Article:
Which mfr's are thinking about the customer, not revenue?

    > Would you buy a car with the same motivations in mind? Or a washing machine or a watch or
    > anything else?
    >

    We are forced into it - $1500 dollar non-repairable car bumpers, Shimano non-repairable components,
    etc... Everything we buy has been engineered for maximized profit (whether the engineering was
    successful is another story).

    >
    > Peter Chisholm Vecchio's Bicicletteria 1833 Pearl St. Boulder, CO, 80302
    > (303)440-3535 http://www.vecchios.com "Ruote convenzionali costruite eccezionalmente bene"

    App
     
  11. Carl Fogel

    Carl Fogel Guest

    Tom Sherman <tsherman@qconline.com> wrote in message news:<c25tg4$1pk23d$1@ID-81487.news.uni-berlin.de>...
    > Carl Fogel wrote:
    >
    > > ... I suppose that I can't complain if it's only 15 speeds. My touring bike only has 14.
    >
    > Dear Carl,
    >
    > Does your touring bike have a single chainring and Rohloff hub?
    >
    > Tom Sherman - Quad Cities (Illinois Side)

    Dear Tom,

    My newsgroup indexing gods broke the following replies off into another thread, so I reproduce them
    below, lest you miss vital technical details, and then reveal the results of the first ride.

    Carl Fogel

    [First, my reply to your wide-eyed innocence.]

    Dear Tom,

    Which touring bike do you mean?

    I am now [modest cough] the owner and operator of two bicycles.

    My faithful old 53/39 Schwinn LeTour with seven rear sprockets?

    Or my brand-new triple-front-ring, five-rear-cogs Fury Roadmaster from MalWart, $53.73 plus $3.98
    tax, complete with kickstand--yes, a kickstand is included!--and tires now inflated to 55
    sizzling psi?

    Ostentatiously,

    Carl Fogel, Fury Roadmaster owner since 03-03-2004 4:36pm MST

    [Next, Kevin Cullen confessed to helpless admiration, but stopped short of requesting a signed
    photograph.]

    > I'm terribly impressed. Please provide us with stories of how you "overcome any obstacles in your
    > way and make it to the top".
    >
    > --Kevin

    Dear Kevin,

    I have a working title: "It's Not About the Bike." (The editor has expressed vague reservations.)

    However, despite my scorn for technology, I have already removed both spoke-reflectors, having been
    advised that the extra rotating mass might cost me precious seconds during acceleration.

    The spoke-reflectors almost escaped my notice, lurking down there under the mammoth mountain-bike
    tire-knobs.

    Why, I wonder, does my new contraption have such huge, fierce treads sticking out on the side? Are
    these triceratops-like projections a mating signal to female mountain-bikes and a challenge to male
    mountain-bikes, like the antlers on moose or the ears on basset hounds?

    Carl Fogel

    [Now for the results of the first test ride.]

    Since none of my neighbors complained about a 48-year-old man riding back and forth on the street at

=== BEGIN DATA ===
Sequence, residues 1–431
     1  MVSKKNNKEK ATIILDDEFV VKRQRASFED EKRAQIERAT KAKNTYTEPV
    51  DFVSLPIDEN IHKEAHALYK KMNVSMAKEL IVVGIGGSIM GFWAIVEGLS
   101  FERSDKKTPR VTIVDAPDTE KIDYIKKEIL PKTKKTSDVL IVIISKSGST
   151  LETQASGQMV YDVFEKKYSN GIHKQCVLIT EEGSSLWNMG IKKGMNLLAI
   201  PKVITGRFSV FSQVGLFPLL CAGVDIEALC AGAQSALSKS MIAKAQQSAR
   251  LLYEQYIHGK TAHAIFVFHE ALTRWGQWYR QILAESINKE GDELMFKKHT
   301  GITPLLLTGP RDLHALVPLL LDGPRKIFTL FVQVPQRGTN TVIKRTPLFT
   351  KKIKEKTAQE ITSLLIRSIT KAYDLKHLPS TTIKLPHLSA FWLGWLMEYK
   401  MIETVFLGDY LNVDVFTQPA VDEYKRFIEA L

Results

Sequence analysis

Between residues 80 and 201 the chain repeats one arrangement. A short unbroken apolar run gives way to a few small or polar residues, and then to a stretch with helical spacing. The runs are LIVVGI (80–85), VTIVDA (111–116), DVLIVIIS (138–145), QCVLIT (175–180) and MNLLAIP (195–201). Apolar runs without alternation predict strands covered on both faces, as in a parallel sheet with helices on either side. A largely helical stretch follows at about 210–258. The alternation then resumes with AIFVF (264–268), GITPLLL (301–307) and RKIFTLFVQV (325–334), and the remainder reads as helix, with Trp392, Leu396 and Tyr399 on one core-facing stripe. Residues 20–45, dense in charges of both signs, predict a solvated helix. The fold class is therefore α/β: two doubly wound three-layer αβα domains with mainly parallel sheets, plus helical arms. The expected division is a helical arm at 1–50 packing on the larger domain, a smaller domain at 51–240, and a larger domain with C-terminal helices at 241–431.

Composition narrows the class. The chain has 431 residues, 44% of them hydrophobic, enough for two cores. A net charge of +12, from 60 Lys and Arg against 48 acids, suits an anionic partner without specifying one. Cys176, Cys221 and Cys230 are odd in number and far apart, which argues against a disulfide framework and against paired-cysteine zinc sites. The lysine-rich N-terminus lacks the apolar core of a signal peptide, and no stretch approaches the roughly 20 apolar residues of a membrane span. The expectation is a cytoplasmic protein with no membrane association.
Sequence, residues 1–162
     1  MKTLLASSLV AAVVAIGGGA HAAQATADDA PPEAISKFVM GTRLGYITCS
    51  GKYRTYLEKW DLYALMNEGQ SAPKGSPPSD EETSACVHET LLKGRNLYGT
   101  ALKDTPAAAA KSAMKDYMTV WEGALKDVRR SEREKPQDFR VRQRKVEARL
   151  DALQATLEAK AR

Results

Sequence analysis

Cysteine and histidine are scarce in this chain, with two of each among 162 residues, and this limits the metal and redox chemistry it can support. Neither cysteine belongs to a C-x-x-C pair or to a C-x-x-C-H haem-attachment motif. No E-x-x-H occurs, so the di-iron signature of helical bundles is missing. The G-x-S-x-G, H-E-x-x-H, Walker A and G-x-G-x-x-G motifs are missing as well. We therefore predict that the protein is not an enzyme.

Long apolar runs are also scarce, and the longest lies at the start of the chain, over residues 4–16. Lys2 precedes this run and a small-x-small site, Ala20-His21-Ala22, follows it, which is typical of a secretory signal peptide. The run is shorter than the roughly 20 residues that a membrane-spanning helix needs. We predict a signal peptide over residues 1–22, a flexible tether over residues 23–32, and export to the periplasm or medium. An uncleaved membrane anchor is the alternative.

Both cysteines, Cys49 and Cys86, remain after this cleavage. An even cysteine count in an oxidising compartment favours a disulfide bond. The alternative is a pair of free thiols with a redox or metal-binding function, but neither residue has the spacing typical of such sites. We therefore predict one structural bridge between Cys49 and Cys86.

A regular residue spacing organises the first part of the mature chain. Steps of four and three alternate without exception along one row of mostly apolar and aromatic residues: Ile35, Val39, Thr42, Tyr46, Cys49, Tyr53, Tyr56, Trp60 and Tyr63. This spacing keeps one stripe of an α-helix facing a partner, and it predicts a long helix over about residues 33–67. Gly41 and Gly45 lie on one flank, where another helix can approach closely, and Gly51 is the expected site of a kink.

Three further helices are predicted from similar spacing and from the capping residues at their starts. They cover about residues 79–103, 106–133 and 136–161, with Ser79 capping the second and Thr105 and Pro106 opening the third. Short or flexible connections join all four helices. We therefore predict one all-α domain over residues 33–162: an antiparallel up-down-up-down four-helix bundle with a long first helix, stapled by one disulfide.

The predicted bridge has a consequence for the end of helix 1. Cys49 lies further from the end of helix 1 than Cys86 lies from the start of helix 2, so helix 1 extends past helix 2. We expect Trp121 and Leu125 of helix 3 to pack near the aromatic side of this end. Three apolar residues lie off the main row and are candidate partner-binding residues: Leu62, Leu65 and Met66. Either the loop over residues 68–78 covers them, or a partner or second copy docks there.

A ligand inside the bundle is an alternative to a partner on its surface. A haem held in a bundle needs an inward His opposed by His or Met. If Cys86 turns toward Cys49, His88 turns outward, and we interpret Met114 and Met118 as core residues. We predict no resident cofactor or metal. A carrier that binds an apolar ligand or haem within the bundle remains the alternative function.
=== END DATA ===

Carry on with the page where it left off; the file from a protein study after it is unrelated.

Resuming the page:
midnight while getting a spare speedometer to work and raising the seat post and handlebar stem, I
    sallied forth after lunch, feeling much like Sancho Panza.

    The gearshifts are clicky friction doo-dads mounted on either handlebar and confuse me easily, but
    I'm used to down-tube shifters (which also confuse me some days, but that's another story).

    The cranks are shorter than usual. Peter Chisholm would wince at the riding position, but I'll
    probably get used to it. The silly thing is sold for gentlemen aged 10-17 who are still pursuing
    their education, not for someone just over six feet tall, around 195 pounds, and consumed by
    insatiable curiosity.

    The fork legs are as thick as my touring bike's main tubes, so mounting the speedometer involved larger-than-
    normal zip ties and a section of thorn-resistant inner tube to pad the sensor out to within hailing
    distance of the spoke magnet. Sears best measuring tape indicated a front tire unashamed of an 81.5-
    inch circumference, so I set the $13 speedometer that I had lying around to 2070mm.

    Sitting bolt upright in the approved MTB fashion, I was surprised to find the speedometer creeping
    up to almost respectable levels. For my trial run, I pedalled over to the city park and did two
    slightly different laps, hoping for about four miles. While a bowling ball might not roll around
    this route, I doubt that there's ten feet of elevation change, including going up and down over the
    four six-inch-high speed humps.

    I assume that soulless rec.bicycles.tech readers care nothing for scenic description, so here's
    the raw data:
    13:42 elapsed time, 4.06 miles, 17.8 mph average speed, and 22.2 mph maximum speed (which startled
    me, but I think a brief tailwind on the backstretch past the zoo was responsible). The original
    thread that started all this involved a college student who wanted to buy something to pedal two